An environmentally sustainable built environment can be stimulated by a nationwide environmental technology policy in which public and private organizations cooperatively develop and execute environmental action plans. A second level at which the management of environmentally sustainability for the built environment can take place is the level of environmental technology policies that create the infrastructure in which innovative activity can emerge and be strengthened. A national environmental technology policy can play an important role in directing national industries towards environmental sustainability. A nation’s government and institutions have to develop a national innovation-policy, which induces research, invention, development and adoption of new technologies by governmental, institutional, scientific and commercial organizations. An analysis of Finnish national technology policies for example showed how environmental issues become part of a national technology policy. The Finnish integration of environmental goals in a national policy, in combination with an action and assessment program in which institutional and commercial organizations cooperated, produced considerable environmental results. In addition, the friction between sustainability as a common interest that is served by governmental, institutional and scientific organizations, and profitability as an individual interest, which is one of the primary goals of commercial organizations, is not easy to overcome. But to a certain degree it can be taken away by a national technology policy.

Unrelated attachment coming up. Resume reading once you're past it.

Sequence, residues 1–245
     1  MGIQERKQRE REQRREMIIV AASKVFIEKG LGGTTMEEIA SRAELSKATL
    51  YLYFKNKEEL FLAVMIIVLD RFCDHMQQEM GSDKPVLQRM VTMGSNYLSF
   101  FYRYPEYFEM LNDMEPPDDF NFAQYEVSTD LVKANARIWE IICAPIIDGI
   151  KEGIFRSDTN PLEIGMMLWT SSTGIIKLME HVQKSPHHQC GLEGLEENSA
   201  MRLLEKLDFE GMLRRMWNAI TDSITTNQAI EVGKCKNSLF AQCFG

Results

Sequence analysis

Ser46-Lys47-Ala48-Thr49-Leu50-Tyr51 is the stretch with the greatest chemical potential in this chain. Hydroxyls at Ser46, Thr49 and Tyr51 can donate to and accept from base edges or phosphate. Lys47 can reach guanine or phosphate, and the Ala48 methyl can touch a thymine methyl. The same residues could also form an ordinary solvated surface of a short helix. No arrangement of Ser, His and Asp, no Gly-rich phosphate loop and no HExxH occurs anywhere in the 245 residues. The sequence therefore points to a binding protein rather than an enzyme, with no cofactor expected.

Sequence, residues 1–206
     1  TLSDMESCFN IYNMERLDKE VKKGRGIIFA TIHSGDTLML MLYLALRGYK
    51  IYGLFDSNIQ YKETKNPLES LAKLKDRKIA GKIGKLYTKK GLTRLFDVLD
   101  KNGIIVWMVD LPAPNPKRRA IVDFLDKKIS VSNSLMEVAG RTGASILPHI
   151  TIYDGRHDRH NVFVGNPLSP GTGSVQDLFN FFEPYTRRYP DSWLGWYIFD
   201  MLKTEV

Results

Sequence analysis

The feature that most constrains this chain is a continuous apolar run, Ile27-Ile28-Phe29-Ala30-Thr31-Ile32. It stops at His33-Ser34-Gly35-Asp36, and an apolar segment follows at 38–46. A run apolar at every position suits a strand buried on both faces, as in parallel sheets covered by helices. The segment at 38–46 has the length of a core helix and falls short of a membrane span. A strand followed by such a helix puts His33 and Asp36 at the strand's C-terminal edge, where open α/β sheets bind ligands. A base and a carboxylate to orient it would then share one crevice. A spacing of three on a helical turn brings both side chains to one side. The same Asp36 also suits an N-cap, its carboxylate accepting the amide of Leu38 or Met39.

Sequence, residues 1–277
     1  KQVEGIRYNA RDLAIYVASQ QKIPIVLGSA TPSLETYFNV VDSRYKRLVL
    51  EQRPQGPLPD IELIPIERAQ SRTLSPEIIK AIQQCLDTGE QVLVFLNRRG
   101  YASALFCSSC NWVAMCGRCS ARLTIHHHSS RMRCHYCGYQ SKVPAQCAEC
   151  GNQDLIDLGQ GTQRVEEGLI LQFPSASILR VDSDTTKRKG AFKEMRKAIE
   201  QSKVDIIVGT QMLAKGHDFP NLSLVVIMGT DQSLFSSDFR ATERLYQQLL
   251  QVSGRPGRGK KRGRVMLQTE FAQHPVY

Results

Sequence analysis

Environmental Regulations

Regulation can force, guide and stimulate environmentally sustainability for the built environment by cooperating firms in building. The third level at which environmentally sustainability for the built environment can take place is the level of environmental regulations. Environmental regulation can be used to force and invite organizations to increase the environmental sustainability of their operations. Although it is a common premise that regulation in terms of norms, procedures, laws and control is useful and appropriate, there is also evidence for the argument that it hinders environmental innovation. Firms, for example, react strategically to environmental regulation. They scan which competitors and counterparts in their environment respond to regulatory pressure and then decide to do it in the same way, or differently, based on their competitive strategy. In addition, firms that are confronted with environmental regulation, often just comply with the rules. They neglect sustainable options that are not part of the rules and norms and do not exceed the regulated standards. Performance standards could be introduced because these have the benefit that these just define the measures of the expected environmental performance of firms, and not the exact specifications of the applied methods and processes to achieve a certain level of environmental sustainability. There is also the possibility to use regulation that stimulates firms to embrace environmental issues as new competitive opportunities. Regulation could facilitate the development of objective data on the comparative environmental performance of organizations in the industry and stimulate and reward the most innovative organizations in industry.